|Publication number||US4507817 A|
|Application number||US 06/309,912|
|Publication date||Apr 2, 1985|
|Filing date||Oct 8, 1981|
|Priority date||Oct 8, 1981|
|Publication number||06309912, 309912, US 4507817 A, US 4507817A, US-A-4507817, US4507817 A, US4507817A|
|Inventors||Stanley E. Staffeld|
|Original Assignee||Staffeld Stanley E|
|Export Citation||BiBTeX, EndNote, RefMan|
|Patent Citations (17), Referenced by (61), Classifications (17), Legal Events (4)|
|External Links: USPTO, USPTO Assignment, Espacenet|
This invention relates to a unique connecting system for fastening pierceable materials together. In particular, the invention relates to a unique connector and insertion tool for fastening corrugated board (commonly called "cardboard") and/or foamboard together. The connecting system is designed from the standpoints of safety and ease of use so that it can be used by children. The connectors can be reused over and over again and many varied types of structures and enclosures can be made with them.
There are numerous known connecting devices and systems which can be used to fasten together pieces of corrugated board and the like. Most of them have one or more deficiencies, however, which have prevented their widespread use or application. Some of the connectors are disposable (can only be used one time) or are permanent once installed (cannot be removed and reused). Other connectors have a plurality of parts or require the initial time consuming procedure of first cutting holes or slots in the materials. Still other connectors do not provide a solid connection, are difficult to use, or require a plurality of tools in order to insert and secure the connectors in place. Moreover, most of the known connectors are either too sharp or dangerous for children to work with, or are too difficult and frustrating for them to use.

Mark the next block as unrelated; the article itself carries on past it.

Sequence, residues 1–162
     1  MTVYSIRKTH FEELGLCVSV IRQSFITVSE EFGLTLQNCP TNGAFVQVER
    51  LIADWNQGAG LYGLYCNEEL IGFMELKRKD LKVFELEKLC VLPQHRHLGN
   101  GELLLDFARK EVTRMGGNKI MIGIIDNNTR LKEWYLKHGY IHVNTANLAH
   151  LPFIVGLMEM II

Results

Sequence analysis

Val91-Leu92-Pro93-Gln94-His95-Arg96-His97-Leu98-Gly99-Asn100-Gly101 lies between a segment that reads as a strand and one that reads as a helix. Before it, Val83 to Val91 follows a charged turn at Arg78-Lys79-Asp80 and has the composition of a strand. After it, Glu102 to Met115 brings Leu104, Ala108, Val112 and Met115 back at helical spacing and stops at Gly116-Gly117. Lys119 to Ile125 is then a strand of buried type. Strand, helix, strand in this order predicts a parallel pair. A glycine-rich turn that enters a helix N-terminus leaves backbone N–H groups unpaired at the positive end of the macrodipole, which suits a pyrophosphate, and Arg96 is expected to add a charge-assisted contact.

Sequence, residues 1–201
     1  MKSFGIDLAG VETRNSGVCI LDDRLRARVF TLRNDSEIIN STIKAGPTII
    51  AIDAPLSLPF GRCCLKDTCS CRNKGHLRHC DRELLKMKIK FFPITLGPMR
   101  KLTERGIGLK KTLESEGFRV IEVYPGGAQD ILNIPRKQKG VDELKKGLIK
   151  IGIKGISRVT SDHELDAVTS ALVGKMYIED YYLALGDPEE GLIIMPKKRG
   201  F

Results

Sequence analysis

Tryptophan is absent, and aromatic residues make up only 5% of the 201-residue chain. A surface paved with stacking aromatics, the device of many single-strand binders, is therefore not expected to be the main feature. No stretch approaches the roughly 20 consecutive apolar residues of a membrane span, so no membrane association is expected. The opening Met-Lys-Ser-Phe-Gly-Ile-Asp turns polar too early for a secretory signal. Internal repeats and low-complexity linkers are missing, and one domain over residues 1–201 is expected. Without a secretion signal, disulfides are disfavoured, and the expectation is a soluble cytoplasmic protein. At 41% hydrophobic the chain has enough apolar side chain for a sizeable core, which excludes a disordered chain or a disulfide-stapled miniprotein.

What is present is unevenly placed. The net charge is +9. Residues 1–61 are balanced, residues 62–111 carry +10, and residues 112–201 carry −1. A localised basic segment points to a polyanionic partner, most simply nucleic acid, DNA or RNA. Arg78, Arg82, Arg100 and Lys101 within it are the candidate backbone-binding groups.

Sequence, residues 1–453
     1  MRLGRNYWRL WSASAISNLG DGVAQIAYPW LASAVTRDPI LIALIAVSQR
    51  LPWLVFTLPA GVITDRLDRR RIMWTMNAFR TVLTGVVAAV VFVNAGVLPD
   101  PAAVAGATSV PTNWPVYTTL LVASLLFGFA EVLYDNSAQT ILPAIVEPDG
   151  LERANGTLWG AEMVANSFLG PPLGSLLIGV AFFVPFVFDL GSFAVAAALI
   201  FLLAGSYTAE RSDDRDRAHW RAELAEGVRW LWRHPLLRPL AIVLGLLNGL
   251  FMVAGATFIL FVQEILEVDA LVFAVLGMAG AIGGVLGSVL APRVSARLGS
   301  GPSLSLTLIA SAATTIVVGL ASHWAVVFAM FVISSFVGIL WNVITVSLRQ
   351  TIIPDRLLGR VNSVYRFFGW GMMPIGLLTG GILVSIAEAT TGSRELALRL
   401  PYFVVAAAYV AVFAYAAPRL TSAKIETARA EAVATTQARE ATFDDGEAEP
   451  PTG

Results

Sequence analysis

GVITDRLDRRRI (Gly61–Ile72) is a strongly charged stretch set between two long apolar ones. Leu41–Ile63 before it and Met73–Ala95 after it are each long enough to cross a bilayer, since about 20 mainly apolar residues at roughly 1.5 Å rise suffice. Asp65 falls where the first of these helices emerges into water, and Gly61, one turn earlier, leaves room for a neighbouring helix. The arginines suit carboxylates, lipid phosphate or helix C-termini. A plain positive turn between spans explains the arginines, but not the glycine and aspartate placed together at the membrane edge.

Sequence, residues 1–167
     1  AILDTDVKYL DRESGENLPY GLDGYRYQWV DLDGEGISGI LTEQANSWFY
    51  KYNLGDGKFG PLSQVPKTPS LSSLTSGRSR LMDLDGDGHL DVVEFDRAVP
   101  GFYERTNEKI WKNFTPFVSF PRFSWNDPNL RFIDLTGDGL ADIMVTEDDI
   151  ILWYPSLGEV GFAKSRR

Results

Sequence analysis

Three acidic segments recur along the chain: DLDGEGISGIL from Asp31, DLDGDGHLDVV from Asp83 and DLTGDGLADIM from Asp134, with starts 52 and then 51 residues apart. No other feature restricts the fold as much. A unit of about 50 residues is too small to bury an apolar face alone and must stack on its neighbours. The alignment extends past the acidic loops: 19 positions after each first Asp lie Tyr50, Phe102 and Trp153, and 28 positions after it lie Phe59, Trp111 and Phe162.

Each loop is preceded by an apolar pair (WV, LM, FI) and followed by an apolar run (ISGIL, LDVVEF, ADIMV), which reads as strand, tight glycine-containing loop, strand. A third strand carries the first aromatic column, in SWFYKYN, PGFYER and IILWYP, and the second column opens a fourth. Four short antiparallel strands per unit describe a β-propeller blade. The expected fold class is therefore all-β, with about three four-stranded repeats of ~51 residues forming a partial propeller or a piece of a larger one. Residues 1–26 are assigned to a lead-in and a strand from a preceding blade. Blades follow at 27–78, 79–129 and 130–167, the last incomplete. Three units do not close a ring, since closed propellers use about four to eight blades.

It is an object of the present invention to overcome the above described deficiencies and disadvantages with existing connectors and connecting mechanisms. It is another object of the invention to provide a connector which is inexpensive, easy to use, can be reused repeatedly without losing its integrity or fastening ability, and is safe for children to use. It is a further object of the invention to provide an insertion tool for the connectors which is easy to use, can be used with one hand, and is safe and fun for children to use.